While the play is set in the royal palace in Denmark, in many ways this could easily be set in the suburban household in the outer suburbs. Okay, maybe Hamlet’s father was not necessarily killed, but for numerous reasons he could have been driven out, leaving Hamlet not just with his mother, but with his mother’s new boyfriend. A common theme has children being in conflict with the step-father, especially if there are suggestions of adultery, which is something that I suspect may have come about in Hamlet. Okay, Shakespeare may not have directly stated this as being the case, but in my mind it is implied.
Death in the Garden
Damien Ryan writes in his essay about the significance of the garden in Hamlet, even though none of the scenes (with the exception of the graveyard) takes place in one. As he has pointed this out it is probably an idea to discuss this concept, particularly since it is one concept that I hadn’t picked up before. In a way he does have a point – the garden, and flora, play an important role in Hamlet. King Hamlet was murdered in a garden, Ophelia dies by falling from a tree, and even Rosencrantz and Guildenstern are killed by being hung, while not necessarily from a tree, the gallows from which they were hung originally came from a tree (in the same way that while Jesus Christ was executed on a cross, the Bible refers to him having been hung on a tree; which is another interesting metaphor since Rosencrantz and Guildenstern are killed in place of Hamlet – it was he that was supposed to have been hung).
The murder of the king happens in a garden, and through Ryan’s production there are references to serpents. In fact in the play within a play, the king is handed a tin which, when opened, causes a serpent to fly out. This is important because King Hamlet was murdered by poison, the typical method with which a serpent will use to kill their pray. Claudius is in fact the serpent – he sneaks up on Hamlet at a time when he is at his weakest, and kills him through the use of poison, and the death also takes place in the garden. It is from this death that the entire kingdom becomes poisoned. As Ryan points out, of the eight characters that are killed in the play, four of them are killed through the use of poison (and of the remaining four, three of the deaths are related to trees).
This image brings to the front the idea of the Garden of Eden. It is implied that prior to the death of King Hamlet Denmark was a strong and prosperous kingdom. Sure, they were at war with Norway, but the Norwegians had sued for peace and taken their expansionistic endeavours elsewhere. However, the death of King Hamlet completely changed the dynamics of the kingdom resulting in its eventual fall. Claudius, the serpent, brings about this fall through poisoning the king, but the poison doesn’t just kill the king, it flows through into the entire kingdom. As it is said, something is rotten in the state of Denmark, and it is rotten because the poison has taken root and is killing it slowly.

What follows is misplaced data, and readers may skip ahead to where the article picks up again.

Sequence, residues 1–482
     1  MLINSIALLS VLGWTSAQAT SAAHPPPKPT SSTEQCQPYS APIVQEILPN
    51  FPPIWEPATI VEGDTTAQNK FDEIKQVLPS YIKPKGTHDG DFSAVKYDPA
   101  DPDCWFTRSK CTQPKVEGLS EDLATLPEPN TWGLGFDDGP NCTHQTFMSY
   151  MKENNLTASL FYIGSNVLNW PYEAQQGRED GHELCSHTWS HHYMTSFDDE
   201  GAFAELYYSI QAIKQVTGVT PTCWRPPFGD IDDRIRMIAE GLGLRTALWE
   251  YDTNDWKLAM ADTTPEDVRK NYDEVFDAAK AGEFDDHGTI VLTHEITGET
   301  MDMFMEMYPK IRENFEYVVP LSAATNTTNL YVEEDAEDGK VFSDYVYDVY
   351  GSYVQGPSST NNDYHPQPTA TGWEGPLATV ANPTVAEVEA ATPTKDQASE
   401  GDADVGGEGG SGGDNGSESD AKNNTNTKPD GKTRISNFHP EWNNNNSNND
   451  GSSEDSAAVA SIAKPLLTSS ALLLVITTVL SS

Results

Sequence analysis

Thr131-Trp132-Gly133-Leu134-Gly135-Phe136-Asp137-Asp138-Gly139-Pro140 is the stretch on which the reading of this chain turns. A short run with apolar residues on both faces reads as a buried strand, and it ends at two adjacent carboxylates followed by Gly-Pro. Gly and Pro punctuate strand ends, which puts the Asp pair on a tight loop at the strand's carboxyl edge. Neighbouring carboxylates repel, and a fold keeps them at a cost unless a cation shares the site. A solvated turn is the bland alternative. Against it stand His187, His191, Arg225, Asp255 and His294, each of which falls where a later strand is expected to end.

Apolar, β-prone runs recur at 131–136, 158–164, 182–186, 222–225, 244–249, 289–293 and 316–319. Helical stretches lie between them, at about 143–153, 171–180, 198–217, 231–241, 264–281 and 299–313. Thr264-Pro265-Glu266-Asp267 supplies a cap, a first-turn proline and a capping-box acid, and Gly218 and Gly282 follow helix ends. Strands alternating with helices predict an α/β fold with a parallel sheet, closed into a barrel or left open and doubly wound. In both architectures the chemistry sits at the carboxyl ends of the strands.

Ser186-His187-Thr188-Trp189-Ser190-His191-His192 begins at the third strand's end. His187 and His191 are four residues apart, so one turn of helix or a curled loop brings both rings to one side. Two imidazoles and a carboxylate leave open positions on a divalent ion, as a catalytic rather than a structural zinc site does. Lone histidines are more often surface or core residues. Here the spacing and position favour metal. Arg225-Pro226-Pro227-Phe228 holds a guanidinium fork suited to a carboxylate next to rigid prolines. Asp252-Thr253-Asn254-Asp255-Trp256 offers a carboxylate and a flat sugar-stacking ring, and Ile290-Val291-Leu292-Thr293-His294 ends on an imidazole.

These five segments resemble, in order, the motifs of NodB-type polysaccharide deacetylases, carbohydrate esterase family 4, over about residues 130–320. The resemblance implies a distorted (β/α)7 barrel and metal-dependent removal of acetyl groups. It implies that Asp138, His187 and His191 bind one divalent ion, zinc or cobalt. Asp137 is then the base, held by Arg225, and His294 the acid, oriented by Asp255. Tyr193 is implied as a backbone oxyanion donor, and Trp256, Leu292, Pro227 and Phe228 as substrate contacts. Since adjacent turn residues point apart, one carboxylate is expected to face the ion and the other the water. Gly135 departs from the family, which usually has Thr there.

The Cold War
Another interesting idea is that of the cold war that exists between Norway and Denmark. Many of the productions that I have seen simply leave this aspect out, however Ryan brought it front and centre. Right at the beginning we know that there is a much greater power to the north threatening Denmark’s liberty. So, the question is raised, why, during a time of war, does Claudius seek to undermine the kingdom by killing the king?
There are a couple of possibilities, but they are both speculations because Shakespeare never actually addresses this issue. In fact, the question of why King Hamlet was killed, and why Gertrude married so quickly, isn’t something that I really thought about until quite recently, namely after watching this production (though no doubt I will be seeing it again, and in time further revelations may come to light – the fact that this is a pretty popular play suggests that I will be seeing it in the future).
As I have suggested there are two possibilities: Claudius was in league with the Norwegians and King Hamlet was a week king. The second idea I am less likely to accept namely because of the speed in which Gertrude and Claudius were married. If Claudius killed King Hamlet because Denmark was losing the war against
Norway sort of undermines the idea that he may have been having an affair with Gertrude. However, the first idea may hold more support because it would suggest that Denmark was actually winning, which meant that the affair was actually the weakness that could be exploited. Note that as soon as King Hamlet died, Claudius sued for peace, which was accepted. However, Fortinbras, the rather cunning general, knew that by killing King Hamlet would weaken the kingdom and, in the end, allow him (or as it was in this play, her) achieve her goals.